Not necessarily. Tap water suppliers are required to perform regular water quality tests and publish the findings; makers of bottled water aren't. In fact, in a survey by the Environmental Working Group (EWG), 38 contaminants were found in 10 big-selling brands.

The United States Geologic Survey reports:

In streams and rivers across the Nation, scientists are finding detectable concentrations of pharmaceuticals and other organic wastewater chemicals. For example, a recent study of the water-quality of streams in the Boulder Creek Watershed, Colorado, found a diverse set of pharmaceuticals and organic wastewater chemicals in water samples. In fact, U.S. Geological Survey (USGS) scientists found 12 of the 22 (55 percent) pharmaceuticals, and 32 of the 47 (77 percent) organic wastewater chemicals looked for in the watershed. Many of the water samples contained a complex mixture of pharmaceuticals, wastewater chemicals, pesticides, and trace metals .... The scientists found that:

  • The concentration of many of these chemicals, such as sulfamethoxazole (an antibiotic used to treat a wide range of bacterial infections), triclosan (an antimicrobial agent commonly used in soaps), and caffeine, increased dramatically downstream from the first major wastewater treatment plant .... However, some organic wastewater indicators (such as triclosan) were also found in much lower concentrations in the relatively pristine upper part of the watershed, and scientists attributed their occurrence to home septic systems and other sources on the landscape.
  • Few of the detected compounds exceeded water-quality standards; however, many do not have water-quality standards.... Native fish populations were found to exhibit endocrine disruption, including low male-to-female sex ratio and fish having both female and male reproductive organs (gonadal intersex).
And in a webpage entitled "Antidepressants in Stream Waters! Are They in the Fish Too?", the U.S. Geological Survey points out:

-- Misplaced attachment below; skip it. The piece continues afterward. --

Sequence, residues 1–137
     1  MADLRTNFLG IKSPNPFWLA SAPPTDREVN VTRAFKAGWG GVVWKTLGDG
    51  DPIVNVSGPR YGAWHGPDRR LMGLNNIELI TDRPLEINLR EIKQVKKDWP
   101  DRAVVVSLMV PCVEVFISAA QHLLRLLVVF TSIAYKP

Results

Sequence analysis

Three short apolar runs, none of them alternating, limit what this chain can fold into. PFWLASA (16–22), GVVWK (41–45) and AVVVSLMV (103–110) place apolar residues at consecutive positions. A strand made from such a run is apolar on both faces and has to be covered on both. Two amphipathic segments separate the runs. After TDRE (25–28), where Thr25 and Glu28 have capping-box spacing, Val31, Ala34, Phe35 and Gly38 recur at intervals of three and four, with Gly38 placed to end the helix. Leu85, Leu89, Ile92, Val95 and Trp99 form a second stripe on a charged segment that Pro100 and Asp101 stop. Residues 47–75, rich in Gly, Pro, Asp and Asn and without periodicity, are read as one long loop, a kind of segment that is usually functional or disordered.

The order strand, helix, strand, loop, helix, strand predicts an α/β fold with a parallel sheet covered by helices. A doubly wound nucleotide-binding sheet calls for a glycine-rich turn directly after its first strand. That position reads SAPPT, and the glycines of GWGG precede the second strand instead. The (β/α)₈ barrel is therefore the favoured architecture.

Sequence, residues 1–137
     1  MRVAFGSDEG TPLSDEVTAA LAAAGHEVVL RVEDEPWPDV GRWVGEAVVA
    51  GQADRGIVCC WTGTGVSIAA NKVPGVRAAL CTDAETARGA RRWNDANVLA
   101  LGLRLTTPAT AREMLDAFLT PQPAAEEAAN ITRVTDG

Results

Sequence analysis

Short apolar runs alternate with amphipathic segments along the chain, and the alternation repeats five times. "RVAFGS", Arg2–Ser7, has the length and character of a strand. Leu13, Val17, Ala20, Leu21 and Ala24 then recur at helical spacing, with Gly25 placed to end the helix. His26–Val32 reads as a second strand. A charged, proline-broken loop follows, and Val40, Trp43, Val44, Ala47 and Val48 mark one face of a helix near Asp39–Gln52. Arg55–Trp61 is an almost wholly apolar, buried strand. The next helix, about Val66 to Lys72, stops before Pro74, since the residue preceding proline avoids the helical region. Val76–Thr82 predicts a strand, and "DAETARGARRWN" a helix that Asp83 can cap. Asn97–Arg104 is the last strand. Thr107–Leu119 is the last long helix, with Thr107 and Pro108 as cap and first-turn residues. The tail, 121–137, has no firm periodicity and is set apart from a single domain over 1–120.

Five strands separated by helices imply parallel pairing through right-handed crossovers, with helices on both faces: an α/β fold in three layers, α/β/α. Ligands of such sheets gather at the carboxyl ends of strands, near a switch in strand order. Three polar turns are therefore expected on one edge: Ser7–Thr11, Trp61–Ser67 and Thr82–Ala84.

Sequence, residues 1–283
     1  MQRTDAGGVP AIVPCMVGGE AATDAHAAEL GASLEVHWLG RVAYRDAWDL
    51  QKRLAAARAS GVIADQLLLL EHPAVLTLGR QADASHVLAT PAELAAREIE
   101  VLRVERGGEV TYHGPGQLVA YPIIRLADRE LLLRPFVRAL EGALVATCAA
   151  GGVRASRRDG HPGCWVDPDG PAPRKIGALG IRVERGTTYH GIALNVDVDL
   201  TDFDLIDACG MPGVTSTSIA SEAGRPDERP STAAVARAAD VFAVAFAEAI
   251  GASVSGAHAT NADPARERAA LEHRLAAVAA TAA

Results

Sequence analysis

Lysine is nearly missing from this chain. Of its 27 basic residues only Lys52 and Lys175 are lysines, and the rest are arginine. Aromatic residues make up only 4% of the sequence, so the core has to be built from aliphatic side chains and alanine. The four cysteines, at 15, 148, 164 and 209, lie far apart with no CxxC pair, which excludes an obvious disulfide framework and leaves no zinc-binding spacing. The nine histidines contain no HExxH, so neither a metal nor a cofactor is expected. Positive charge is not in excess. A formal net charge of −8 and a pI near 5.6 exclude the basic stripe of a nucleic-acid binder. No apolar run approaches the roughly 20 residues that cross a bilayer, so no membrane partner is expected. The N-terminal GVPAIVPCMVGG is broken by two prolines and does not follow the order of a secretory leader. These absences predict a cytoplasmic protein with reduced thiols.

For some fish living downstream of sewage treatment plants the answer is yes. U.S. Geological Survey (USGS) scientists and their colleagues published a paper in Environmental Science and Technology documenting that specific antidepressants and their degradates found in wastewater discharged into streams by municipal wastewater treatment plants are taken up into the bodies of fish living downstream of the plants. The antidepressants were found in fish collected over 8 kilometers (approximately 5 miles) downstream of the location of the wastewater discharge. The scientists detected several commonly used antidepressants in water, streambed sediment, and the brain tissue of white suckers, a native fish species. Fish collected upstream from the wastewater discharge did not have antidepressants present in their brain tissues....
AP reported in 2009:

U.S. manufacturers, including major drugmakers, have legally released at least 271 million pounds of pharmaceuticals into waterways that often provide drinking water — contamination the federal government has consistently overlooked, according to an Associated Press investigation.

***

Last year, the AP reported that trace amounts of a wide range of pharmaceuticals — including antibiotics, anti-convulsants, mood stabilizers and sex hormones — have been found in American drinking water supplies. Including recent findings in Dallas, Cleveland and Maryland's Prince George's and Montgomery counties, pharmaceuticals have been detected in the drinking water of at least 51 million Americans.

Most cities and water providers still do not test. Some scientists say that wherever researchers look, they will find pharma-tainted water.

***

Researchers have found that even extremely diluted concentrations of drugs harm fish, frogs and other aquatic species. [This may be part of the reason that amphibians are disappearing.] Also, researchers report that human cells fail to grow normally in the laboratory when exposed to trace concentrations of certain drugs. Some scientists say they are increasingly concerned that the consumption of combinations of many drugs, even in small amounts, could harm humans over decades.

A year earlier, the Associated Press noted:
A vast array of pharmaceuticals — including antibiotics, anti-convulsants, mood stabilizers and sex hormones — have been found in the drinking water supplies of at least 41 million Americans, an Associated Press investigation shows. [The estimate was raised to 46 million a couple of months later.]

***

Bottlers [i.e. bottled water producers], some of which simply repackage tap water, do not typically treat or test for pharmaceuticals, according to the industry's main trade group.

***

There's growing concern in the scientific community, meanwhile, that certain drugs — or combinations of drugs — may harm humans over decades because water, unlike most specific foods, is consumed in sizable amounts every day.

Our bodies may shrug off a relatively big one-time dose, yet suffer from a smaller amount delivered continuously over a half century, perhaps subtly stirring allergies or nerve damage. Pregnant women, the elderly and the very ill might be more sensitive.

Many concerns about chronic low-level exposure focus on certain drug classes: chemotherapy that can act as a powerful poison; hormones that can hamper reproduction or development; medicines for depression and epilepsy that can damage the brain or change behavior; antibiotics that can allow human germs to mutate into more dangerous forms; pain relievers and blood-pressure diuretics.